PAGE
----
This is a concept gaining support and advocacy throughout the country. It promotes safe communities, conservation of public funds and holding offenders accountable but still providing tools for law-abiding lives. The PD advocates public policies that minimize the lock-up of children and mentally ill. It calls for greater use of Civil Citation and problem solving programs like Drug Court, Veterans Treatment Court and Girl’s Court which provide rehabilitation instead of expensive incarceration. Specialty Courts are a proven means of reducing recidivism.
Public Defense of a criminally-accused indigent person is not entirely free. State of Florida Statute 27.52 (linked) imposes a $50 fee for individuals filing with a Clerk of the Court, an indigency application that may result in a Court appointment of a Public Defender. Additional, nominal fees are also due upon completion of a criminal case, several variables are considered. Failure to pay does not affect one’s ability to receive zealous legal representation from a Public Defender; however, a Court may impose liens to recover any overdue costs.
In the Fourth Judicial Circuit, these statutory fees are noticed in Public Defender offices and in all client communications with Assistant Public Defenders. The Clerks of the Court (Clay, Duval and Nassau Counties) process all payments, and in Duval County the Clerk has established a remote payment option inside the Public Defender Office.
Resource Recovery is an important practice to ensure tax payers are not unfairly or unnecessarily billed in full for a public service that by statute they have been relieved. Clients of the PD who are able to pay these nominal, administrative costs will be required to do so. Proceeds go to State of Florida Trust Funds designed to offset General Revenue funds within State Constitutional offices.
Problem Solving Courts
Drug Court, Mental Health Court, Veterans Treatment Court, Girls Court and Chronic Homeless Offenders Program or CHOP are among the growing practices helping offenders and conserving tax dollars in Northeast Florida. Problem Solving Courts are based on the widely accepted fact that rehabilitation minimizes instances of recidivism. National statistics have shown that an offender who successfully completes a Problem Solving Court rehabilitation program has a less than 10% likelihood that he/she will offend again. However, an individual who is incarcerated for an offense is 40% more likely to become arrested once he/she is out of prison.
From a fiscal perspective, rehabilitation is far more cost-effective than incarceration. To incarcerate an individual for a year, the cost to taxpayers is in the neighborhood of $40,000. However, when an individual completes a Problem Solving Court rehabilitation program, the annual cost is one-tenth of that, or $4000 on average.
It is important to note, Problem Solving Courts are reserved for non-violent offenders facing addiction and other problems. The approach is to rehabilitate the individual by fixing the problem. This is a more cost effective solution that conserves public funds and often preserves a life.
In 2014, the Public Defender determined that too often, young people in Jacksonville lose positive, future opportunities because of a juvenile indiscretion that casts them into the criminal justice system. Recognizing a practice that relates to children, the Public Defender drafted and moved for adoption, a City Council Resolution encouraging greater use by law enforcement of the Civil Citation. Statistics show that similar-sized jurisdictions around Florida and the nation have more regularly opted for the issuance of a Civil Citation – a diversion for first-time misdemeanor offenders that provides the opportunity to participate in intervention services at the earliest stage of delinquency.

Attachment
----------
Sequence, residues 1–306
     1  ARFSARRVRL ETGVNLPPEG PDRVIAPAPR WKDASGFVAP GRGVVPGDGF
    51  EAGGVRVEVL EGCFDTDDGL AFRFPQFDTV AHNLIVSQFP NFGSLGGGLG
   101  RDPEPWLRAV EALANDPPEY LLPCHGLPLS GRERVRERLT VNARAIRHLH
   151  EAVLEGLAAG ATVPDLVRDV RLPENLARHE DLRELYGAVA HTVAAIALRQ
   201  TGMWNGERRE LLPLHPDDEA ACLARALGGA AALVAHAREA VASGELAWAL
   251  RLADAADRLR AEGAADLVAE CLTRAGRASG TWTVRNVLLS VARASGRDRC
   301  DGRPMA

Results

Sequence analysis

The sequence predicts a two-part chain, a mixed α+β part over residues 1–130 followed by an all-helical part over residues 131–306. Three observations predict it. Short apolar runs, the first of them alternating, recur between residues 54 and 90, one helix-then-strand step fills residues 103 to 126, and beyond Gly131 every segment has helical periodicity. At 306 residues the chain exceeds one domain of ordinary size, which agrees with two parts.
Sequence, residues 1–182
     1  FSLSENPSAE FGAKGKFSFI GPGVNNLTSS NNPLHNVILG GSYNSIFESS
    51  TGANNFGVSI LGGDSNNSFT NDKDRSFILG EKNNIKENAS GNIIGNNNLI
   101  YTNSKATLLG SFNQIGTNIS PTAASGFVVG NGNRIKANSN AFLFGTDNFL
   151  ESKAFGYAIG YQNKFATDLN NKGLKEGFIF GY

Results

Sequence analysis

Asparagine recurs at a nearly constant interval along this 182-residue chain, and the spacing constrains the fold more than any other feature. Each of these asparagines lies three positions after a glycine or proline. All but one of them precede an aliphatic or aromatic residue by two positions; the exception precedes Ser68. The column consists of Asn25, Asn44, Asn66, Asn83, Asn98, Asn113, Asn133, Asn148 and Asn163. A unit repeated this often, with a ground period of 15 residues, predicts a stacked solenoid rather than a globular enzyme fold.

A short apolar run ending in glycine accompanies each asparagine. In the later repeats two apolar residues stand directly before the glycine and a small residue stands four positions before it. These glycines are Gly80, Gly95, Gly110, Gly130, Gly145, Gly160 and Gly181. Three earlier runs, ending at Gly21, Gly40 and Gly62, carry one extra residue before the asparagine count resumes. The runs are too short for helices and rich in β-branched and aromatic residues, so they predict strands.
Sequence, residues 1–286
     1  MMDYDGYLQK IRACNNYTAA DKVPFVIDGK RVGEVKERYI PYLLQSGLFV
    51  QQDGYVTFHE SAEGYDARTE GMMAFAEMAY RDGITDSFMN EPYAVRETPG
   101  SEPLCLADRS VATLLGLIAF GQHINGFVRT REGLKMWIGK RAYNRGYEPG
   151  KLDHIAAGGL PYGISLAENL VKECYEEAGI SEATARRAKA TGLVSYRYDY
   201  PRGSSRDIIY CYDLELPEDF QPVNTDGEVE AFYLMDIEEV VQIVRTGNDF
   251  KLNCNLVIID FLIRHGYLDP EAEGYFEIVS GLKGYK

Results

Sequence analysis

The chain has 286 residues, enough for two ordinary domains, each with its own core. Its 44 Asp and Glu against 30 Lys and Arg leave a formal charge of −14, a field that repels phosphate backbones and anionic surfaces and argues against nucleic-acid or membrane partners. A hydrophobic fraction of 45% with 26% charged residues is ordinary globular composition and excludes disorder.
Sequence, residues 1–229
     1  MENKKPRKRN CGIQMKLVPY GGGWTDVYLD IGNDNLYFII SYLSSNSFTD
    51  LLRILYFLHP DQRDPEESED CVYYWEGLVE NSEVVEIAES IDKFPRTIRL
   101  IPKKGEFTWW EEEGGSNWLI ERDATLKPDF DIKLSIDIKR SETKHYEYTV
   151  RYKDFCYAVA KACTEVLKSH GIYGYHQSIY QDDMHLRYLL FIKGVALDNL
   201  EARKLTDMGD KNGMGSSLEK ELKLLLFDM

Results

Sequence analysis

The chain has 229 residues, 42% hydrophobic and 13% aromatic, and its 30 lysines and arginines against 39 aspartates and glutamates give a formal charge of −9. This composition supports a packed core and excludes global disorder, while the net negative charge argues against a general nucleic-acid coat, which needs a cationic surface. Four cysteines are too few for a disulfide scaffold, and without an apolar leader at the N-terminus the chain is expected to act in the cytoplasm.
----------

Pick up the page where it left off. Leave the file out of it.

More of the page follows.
Following two months of public debate and discussion, the Jacksonville City Council unanimously passed Resolution 2014-177-A. The measure cites 2011 Florida Statute 985.12 that encourages greater use of the Civil Citation. Diverting first-time misdemeanants through this means will save millions of dollars that would otherwise be spent if youth were arrested and required to go through formal delinquency processing.
Pro Bono Opportunities
This is a cost-saving program established by the Public Defender in 2009 in coordination with the Jacksonville Bar Association One Program. Pro Bono Opportunities provides free criminal law training for private practitioners who want to satisfy pro bono service requirements, diversify their practice or simply help a less fortunate person. Upon completion of the training, participants become Special Assistant Public Defenders (SAPD’s) and receive a misdemeanor case assignment.
Communication and Technology
Advancements in communication and technology have enabled modern offices to become significantly more efficient over the last two decades. The Public Defender has faced a decreasing state budget due to a weak U.S. economy. Inspired by new, available technologies, we have dramatically overhauled the office infrastructure to allow attorneys and staff to work more efficiently. We have invested in video conferencing systems to allow secure, real-time, face to face meetings between attorneys and their jailed clients. We have also guided the development of a unique, file-less case management system that became a feature story in IBM Systems magazine. Dozens of technological and communications advancements have come to the Office of the Public Defender.